Customer Reviews

4.2 out of 5 stars
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Top Customer Reviews

Format: DVD
As good as parts of this movie are, the other parts found my mind wandering to the old "SCTV" sketch where Lola Heatherton says to Mommy Theresa, Oh, don't you ever want to say sometimes "Get it together, people!"

Anyway, the chemistry between the two young actors is very good and the oddness patterns of speech and ways of talking of Freddie Highmore is understandable when you watch the sparse five minutes total of the two extras--he's English! Yeah, now that unplaceable American accent now makes some sense.

Yet too much of this was way too odd. Apparently in New York City no one cards high school students in bars or nightclubs. The musical choices on the soundtrack are interesting but, honestly, a bit twee and second division indie. I thought (SPOILER ALERT) Emma Roberts putting the moves on the painter "friend" in his 20s was a pretty dumb plot twist. Also, the cramming in of an entire year of homework assignments into three weeks was ridiculously unachievable. Plus the final project painting just did not fit Highmore's art up to that point. He goes from funky out-there fantasy style manga meets graphic novel to a straight very traditional portrait?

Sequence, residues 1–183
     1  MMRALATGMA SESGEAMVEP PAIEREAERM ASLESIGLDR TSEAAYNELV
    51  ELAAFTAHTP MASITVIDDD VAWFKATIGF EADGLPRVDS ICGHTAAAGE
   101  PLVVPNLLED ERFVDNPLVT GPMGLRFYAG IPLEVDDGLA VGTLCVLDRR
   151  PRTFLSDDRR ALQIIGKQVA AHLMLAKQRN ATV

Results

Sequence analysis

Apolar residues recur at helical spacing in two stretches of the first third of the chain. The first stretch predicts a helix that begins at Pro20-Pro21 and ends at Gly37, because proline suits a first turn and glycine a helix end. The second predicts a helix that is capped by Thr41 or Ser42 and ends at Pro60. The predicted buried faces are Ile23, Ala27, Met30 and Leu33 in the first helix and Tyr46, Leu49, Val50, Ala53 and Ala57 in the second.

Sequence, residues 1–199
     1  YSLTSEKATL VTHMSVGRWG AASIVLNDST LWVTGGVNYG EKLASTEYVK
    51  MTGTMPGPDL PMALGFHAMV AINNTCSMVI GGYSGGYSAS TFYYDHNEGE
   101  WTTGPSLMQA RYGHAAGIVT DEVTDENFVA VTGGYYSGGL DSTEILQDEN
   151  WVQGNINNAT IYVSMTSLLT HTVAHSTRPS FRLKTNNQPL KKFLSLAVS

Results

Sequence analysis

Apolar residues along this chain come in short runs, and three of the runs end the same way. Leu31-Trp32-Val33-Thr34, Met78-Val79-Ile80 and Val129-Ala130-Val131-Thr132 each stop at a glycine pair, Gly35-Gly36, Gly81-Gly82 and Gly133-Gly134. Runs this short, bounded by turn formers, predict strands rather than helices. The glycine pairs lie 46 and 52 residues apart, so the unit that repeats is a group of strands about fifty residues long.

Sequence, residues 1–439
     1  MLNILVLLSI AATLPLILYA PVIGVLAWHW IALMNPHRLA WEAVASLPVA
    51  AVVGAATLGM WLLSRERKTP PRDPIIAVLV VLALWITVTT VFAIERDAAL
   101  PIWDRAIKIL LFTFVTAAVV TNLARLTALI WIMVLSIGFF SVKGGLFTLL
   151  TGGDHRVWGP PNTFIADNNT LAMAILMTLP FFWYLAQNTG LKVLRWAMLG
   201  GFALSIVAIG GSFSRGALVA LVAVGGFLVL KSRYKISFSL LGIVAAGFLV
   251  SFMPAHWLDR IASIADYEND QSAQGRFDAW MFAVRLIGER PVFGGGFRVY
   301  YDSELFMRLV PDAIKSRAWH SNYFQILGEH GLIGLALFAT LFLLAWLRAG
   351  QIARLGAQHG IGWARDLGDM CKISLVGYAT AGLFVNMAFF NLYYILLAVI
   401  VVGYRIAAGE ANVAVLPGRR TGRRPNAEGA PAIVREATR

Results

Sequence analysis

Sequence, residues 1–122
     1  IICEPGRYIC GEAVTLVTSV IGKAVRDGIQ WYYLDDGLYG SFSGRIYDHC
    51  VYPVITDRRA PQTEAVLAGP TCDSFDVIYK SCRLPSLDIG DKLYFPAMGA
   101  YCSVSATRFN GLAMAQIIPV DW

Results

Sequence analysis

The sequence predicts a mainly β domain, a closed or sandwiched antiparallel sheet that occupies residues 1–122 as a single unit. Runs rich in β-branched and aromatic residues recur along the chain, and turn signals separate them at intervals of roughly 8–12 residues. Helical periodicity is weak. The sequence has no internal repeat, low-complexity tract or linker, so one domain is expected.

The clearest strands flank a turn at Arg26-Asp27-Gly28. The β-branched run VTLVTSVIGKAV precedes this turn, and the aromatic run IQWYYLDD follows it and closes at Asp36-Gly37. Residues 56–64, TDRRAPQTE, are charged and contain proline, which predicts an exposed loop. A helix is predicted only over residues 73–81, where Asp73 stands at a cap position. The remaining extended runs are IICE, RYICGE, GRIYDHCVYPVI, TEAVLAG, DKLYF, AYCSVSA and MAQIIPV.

The performances worked, New York City as a "character" worked, but the plot was too inevitable. Of course, they end up together which is what we all want but the steps to get there at times seemed untrue and at others spot on.
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Format: DVD
"The Art of Getting By" is a mixed-bag of a coming of age film, that is not for everyone. I experienced awkward ranges of emotions throughout the film... At the beginning of the film, most of the dialogue felt very pretentious...
The film was off beat... and "different". Some of the events was a bit farfetched to be believable or genuine and realistic. The film begins with little credibility as the plot follows an attractive upper-class high school girl that shows great interest in awkward, artistic loner boy classmate. (the film had attractive young leads)